Google just presented splendid results for Q2 2012. Only rarely does a company of that size and profitability show such growth rates. For us as online marketing professionals, obviously, Google is not just any company but to an extent a company that determines our jobs. Certain speculation erupted online about how the recent algorithmic updates helped increase revenue by promoting ads and rendering organic results less relevant. I would like to address these concerns in this post and provide supporting evidence.
The quarterly numbers (Q2 2012)
- Over $12b revenues
- Of which Google’s websites contributed $7.5b
- 21% growth rate on Google properties revenues
Google’s annual and quarterly reports reveal not only numbers but also help analyze its long-term strategy and trends. This quarterly report ads small pieces to the puzzle: Advertising in search is just not sexy enough anymore because revenue growth rates are declining and are expected to decline over time. The next hot areas are social, enterprise, commerce, and local (see p.2 of earnings slides)
The ads on google.com
Google states in the quarterly report, that the success of its advertising business depends among other things on:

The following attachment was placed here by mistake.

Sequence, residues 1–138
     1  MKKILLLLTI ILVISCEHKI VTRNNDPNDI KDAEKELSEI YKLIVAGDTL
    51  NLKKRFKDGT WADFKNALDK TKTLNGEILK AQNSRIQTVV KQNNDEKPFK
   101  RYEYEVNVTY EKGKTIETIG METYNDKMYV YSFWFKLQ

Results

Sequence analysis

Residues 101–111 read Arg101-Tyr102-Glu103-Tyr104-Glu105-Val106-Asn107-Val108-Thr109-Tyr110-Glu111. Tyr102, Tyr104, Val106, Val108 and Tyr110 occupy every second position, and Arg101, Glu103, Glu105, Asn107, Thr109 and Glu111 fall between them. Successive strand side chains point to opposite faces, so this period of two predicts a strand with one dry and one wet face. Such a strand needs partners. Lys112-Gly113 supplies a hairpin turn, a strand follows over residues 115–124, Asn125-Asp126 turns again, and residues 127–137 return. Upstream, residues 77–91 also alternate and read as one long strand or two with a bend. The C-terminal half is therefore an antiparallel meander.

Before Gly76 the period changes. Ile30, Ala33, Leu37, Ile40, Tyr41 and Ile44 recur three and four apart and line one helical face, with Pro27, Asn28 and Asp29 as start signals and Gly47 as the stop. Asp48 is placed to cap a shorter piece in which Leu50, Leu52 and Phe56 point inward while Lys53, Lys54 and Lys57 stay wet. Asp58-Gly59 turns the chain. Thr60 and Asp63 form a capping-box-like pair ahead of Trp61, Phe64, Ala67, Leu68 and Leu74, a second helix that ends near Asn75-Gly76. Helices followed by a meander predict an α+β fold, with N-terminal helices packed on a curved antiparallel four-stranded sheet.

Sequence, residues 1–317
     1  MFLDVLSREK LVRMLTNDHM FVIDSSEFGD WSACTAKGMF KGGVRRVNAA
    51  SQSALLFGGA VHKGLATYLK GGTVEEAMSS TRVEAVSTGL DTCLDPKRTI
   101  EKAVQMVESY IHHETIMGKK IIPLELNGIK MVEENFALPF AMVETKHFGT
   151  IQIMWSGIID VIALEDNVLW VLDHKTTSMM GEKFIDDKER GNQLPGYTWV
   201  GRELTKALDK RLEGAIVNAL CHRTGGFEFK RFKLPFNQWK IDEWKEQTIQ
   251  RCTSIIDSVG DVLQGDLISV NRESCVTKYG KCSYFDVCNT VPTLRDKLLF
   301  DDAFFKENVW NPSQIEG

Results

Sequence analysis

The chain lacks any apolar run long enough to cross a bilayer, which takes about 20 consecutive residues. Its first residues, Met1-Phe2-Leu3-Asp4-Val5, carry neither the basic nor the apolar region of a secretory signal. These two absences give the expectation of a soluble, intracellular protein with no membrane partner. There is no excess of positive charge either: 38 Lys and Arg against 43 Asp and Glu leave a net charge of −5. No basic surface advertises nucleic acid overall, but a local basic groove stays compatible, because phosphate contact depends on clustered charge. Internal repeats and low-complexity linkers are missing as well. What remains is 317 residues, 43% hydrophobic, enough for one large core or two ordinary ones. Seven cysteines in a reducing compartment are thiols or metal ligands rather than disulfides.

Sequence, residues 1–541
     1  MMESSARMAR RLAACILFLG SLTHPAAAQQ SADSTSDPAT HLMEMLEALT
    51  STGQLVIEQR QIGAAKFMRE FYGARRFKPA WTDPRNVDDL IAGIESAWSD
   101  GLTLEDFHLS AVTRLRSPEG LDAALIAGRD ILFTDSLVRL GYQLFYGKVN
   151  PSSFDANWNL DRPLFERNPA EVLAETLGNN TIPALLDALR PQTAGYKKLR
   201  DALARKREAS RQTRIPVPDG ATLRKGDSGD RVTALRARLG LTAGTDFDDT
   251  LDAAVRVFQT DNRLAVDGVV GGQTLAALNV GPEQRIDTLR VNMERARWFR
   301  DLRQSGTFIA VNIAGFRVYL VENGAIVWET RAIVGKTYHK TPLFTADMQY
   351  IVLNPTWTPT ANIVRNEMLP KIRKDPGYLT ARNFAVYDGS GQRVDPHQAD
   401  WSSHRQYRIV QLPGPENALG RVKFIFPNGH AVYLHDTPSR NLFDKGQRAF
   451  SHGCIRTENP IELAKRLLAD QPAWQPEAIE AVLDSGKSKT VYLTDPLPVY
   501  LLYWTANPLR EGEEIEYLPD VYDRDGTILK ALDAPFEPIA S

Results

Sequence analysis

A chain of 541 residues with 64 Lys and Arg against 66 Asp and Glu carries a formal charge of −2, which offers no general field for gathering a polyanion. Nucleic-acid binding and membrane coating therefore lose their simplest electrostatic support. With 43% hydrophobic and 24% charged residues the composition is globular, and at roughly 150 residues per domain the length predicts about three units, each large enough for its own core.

- The relevance, objectivity, and quality of our search results and the relevance and quality of ads displayed with each search results page.
- The number and prominence of ads displayed on our websites
But did advertising really increase overall?
Rankpanel’s keyword coverage is very well suited to answer this question in one click: When comparing the number of keywords with ads for 3rd week of July 2011 with the same week in 2012 it is quite clear that ads shown decreased significantly! (I also checked other weeks in the same quarter and found comparable results.)
What we see, though, is a significant change in ad distribution on the SERP. Google moved clearly away from showing only ads on the right side and towards showing ads above the organic results. The change is dramatic: In 2012 Google shows 13 times more SERPs with exclusively top ads, while SERPs with both only ads to the right and both right and top ads decreased. At the same time SERPs showing no ads at all doubled!
This shift can explain the 42% increase in paid clicks, as top ads have a significantly higher CTR.
It does also point towards the conclusion that not lower quality search results but different ad placement drove Google’s revenue.
Other factors driving revenue
Having said that, the Rankpanel keyword set is composed of 500k keywords. Therefore, these results do not reflect on the long tail.
Another known factor is not represented in the numbers: Google has increased the number of ways to monetize the SERP via, e.g.
- Paid product listings
- Vertical affiliates, such as flights
- Monetization via Youtube videos
The numbers and trends suggest that Google is overall leaving less money in the SERP. Tweet this
Better monetization is achieved via
- AdWords position shifting
- New ways of monetization
- I don’t think that Google would cut in their own flesh by diminishing the quality of search results on purpose, given the increased amount of SERPs with no ads whatsoever. Tweet this
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